Challenges in Applying the Clustering Process

Learn the challenges in the clustering process.

When applying the clusters, users usually face some key challenges.

Cluster definition

First, how do we define a suitable cluster given a dataset? This is problematic because, at this stage, we’re exploring the data, and thus, we may not necessarily know what a cluster looks like or how the points can be grouped together. When we discuss the clustering algorithms below, we’ll see that each algorithm imposes certain assumptions on the kinds of clusters it is looking for. For example, k-means is optimized to search for clusters that are in the form of convex, blob-like shapes. Accepting such assumptions when applying a specific clustering algorithm means that we may not find all clusters existing in the data, or worse, clusters discovered may be wrong.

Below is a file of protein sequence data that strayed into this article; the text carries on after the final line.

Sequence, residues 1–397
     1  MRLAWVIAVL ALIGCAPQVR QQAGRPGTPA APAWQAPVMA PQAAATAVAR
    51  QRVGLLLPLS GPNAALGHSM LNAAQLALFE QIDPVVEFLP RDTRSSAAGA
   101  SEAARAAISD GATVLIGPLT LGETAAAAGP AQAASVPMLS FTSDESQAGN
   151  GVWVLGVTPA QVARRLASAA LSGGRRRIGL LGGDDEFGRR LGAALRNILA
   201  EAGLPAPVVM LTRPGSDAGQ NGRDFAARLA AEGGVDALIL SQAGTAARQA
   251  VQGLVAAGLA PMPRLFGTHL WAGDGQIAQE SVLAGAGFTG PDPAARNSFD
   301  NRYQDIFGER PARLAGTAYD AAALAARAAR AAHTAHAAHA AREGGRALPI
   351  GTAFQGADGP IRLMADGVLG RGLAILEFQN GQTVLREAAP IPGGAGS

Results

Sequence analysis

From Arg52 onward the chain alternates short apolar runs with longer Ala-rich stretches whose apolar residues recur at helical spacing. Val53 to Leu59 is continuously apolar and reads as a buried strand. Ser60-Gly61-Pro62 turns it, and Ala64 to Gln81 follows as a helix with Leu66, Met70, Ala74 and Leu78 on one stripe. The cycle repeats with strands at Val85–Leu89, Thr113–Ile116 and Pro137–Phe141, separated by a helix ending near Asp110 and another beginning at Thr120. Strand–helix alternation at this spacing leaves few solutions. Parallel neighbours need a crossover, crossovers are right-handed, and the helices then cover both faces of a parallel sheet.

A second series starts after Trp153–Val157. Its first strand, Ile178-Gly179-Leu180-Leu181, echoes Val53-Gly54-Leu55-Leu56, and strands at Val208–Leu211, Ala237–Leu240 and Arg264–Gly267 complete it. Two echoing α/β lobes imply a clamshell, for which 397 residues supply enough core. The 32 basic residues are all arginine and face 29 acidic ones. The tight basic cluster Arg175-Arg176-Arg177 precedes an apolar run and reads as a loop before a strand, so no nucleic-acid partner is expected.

Specifically, clusters may take vastly different forms in real life, as illustrated in the below figure. Besides being blob-like, round, or elliptical, clusters may also be elongated entities that encompass one another. Note that there’s no single clustering algorithm able to detect all these kinds of clusters. Therefore, knowing beforehand the types of clusters we are looking for is critical to the success of our analyses. To overcome this issue, we can apply different clustering algorithms to the same dataset to ensure that we are not missing out on any particular type of cluster.

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